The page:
Imagine having a perfect memory. Being able to replay words, sounds, situations – from years ago. It’s all there, in your head, ready to be recalled. Great for exams when you were younger, but what about when something unpleasant happened to you, and it won’t ever go away? Nicola Walker has Hyperthymesia. She has been the subject of scientific studies and examinations, but her condition is what it is. Now, it’s 2020 and, at the age of 51, she has a humdrum job in London’s British Library. Sher marriage ended half a lifetime ago, and now she lives from day to day with only her cat for company. Until she receives an alarming telephone call.

The call is from a Metropolitan Police detective. Her former husband, Declan, has been arrested on suspicion of murdering his father, years earlier. And his only witness? Nicola and her perfect memory.

We are basically in two time zones. The present day, 2020, and a summer Sunday in June 1985, which is Arty Robbins’s 50th birthday. The event is being celebrated at a pub called The Mary Shelley, and the landlord is Arty’s father, Vincent. Nicola, aged 16, and Declan Robbins, aged 18, son of Arty, are ‘an item’. A list of the other characters is not something I normally compile, but it might be useful in this case.

Craig Walker, Nicola’s father
Susan Walker, Nicola’s mother
Dave Crane, friend of the Walkers. He married Susan after Craig’s death from cancer.
Kat Clarke, Nicola’s contemporary, and best friend. Her father Daniel, Arty Robbins’s brother, walked out on them years earlier.
Chloe Clarke, Kat’s mother
Gary Barclay, Kat’s boyfriend. They later marry.
Anne Robbins, wife of Arty, mother of Declan

ikwis022Arthur Robbins is a pillar of the community. Successful estate agent, all-round diamond geezer and school governor. But then, he just disappears. He was last seen in the small hours on the night of his birthday party. Lost for 35 years – until his remains turn up in the foundations of a building being demolished to make way for a new development.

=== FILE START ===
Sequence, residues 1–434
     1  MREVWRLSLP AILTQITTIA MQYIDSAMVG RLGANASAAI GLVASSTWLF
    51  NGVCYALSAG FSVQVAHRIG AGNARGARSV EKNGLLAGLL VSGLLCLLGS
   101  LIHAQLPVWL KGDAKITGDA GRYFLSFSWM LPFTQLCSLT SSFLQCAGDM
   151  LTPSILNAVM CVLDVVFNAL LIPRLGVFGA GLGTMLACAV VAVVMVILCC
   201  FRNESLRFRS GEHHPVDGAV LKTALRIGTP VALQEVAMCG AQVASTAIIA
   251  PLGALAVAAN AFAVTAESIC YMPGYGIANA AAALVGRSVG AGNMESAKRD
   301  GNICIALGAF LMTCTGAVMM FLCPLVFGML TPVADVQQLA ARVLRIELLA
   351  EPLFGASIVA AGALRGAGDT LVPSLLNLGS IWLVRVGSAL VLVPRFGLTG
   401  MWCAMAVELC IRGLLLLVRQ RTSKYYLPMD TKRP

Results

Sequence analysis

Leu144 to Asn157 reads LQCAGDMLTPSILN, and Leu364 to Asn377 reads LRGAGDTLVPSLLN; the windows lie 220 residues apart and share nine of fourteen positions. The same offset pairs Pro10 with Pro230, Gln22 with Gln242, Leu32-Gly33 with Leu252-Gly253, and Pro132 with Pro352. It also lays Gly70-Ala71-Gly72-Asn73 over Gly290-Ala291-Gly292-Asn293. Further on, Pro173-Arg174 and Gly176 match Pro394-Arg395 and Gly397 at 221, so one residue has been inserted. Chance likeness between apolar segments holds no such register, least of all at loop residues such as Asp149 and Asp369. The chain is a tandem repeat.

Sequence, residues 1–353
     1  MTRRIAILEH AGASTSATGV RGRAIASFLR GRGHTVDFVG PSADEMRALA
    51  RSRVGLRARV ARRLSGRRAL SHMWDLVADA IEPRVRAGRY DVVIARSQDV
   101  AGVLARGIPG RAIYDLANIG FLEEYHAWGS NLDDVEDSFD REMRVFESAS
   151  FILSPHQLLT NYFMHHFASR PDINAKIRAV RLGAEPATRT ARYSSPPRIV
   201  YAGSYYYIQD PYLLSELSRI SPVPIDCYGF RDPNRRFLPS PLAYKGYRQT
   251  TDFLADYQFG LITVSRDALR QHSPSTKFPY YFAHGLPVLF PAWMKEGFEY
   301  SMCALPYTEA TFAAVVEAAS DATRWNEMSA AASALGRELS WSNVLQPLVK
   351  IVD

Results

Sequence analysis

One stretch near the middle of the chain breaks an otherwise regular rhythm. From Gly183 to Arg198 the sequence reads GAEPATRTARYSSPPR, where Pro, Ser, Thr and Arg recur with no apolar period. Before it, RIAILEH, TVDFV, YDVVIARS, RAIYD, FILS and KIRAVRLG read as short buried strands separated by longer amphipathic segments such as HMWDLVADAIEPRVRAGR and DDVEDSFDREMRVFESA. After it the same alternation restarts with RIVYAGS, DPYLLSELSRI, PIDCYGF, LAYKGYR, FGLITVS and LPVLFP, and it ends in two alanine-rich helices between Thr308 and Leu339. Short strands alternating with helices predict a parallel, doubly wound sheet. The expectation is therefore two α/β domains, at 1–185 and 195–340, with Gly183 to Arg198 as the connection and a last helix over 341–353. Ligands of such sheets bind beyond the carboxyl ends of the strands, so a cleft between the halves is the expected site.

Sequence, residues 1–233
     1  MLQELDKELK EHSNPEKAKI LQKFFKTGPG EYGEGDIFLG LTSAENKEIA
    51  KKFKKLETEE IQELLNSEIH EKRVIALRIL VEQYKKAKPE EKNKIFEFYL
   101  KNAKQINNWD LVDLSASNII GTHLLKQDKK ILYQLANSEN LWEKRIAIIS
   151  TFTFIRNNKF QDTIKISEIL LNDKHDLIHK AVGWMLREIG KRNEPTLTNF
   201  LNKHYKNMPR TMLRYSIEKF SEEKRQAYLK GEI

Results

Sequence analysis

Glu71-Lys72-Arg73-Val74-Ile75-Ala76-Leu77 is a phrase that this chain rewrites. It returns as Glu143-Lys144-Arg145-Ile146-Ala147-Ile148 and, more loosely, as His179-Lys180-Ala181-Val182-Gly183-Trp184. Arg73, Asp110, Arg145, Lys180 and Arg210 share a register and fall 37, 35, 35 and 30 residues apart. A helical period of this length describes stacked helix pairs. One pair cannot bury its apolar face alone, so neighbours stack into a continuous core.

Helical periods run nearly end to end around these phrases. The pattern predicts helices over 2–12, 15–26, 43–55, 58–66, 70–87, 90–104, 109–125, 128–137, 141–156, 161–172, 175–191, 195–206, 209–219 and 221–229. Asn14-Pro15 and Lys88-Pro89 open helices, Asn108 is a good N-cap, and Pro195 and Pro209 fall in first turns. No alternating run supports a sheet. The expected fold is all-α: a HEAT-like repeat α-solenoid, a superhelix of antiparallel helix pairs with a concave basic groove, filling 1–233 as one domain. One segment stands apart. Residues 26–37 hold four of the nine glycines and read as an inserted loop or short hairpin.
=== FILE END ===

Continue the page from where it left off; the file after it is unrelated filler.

We have, in one sense, a traditional whodunnit, but it is unconventional insofar as  the usual police work, while still taking place, is secondary to the agonising replays going on inside Nicky’s head. What did she see? Who did she see? Where were they? How do these memories stack up against the ticking clock on that warm summer night 35 years ago? Has she mis-remembered? What if she is shutting out some memories in order to protect someone she loves? There’s no shortage of suspects, as the real Arty Robbins is far from the jovial character he pretends to be.

The killer of Arty Robbins is eventually unmasked, and SK Sharp leads us down many a blind alley as the narrative unfolds, and Nicola finally completes the jigsaw of her memories. It’s clever stuff, and gripping – I read it in two enjoyable sessions – but for me, the strength of the novel is the relationship between Declan and Nicola, both then and now. I don’t remember a more sensitive and perceptive account of teenagers falling in love with each other, but the most moving and effective counterpoint to this is how it all plays out, decades later, with so much water under the bridge, so much hurt, so many mistakes and so much misunderstanding.

This is a fine novel, a thriller, yes, but full of compassion and telling insights into what people do to each other, and how secrets corrode trust. I Know What I Saw was first published in October 2020 by Cornerstone Digital. This paperback edition is from Arrow, and is out now.

SK Sharp (aka Stephen Deas) is on Twitter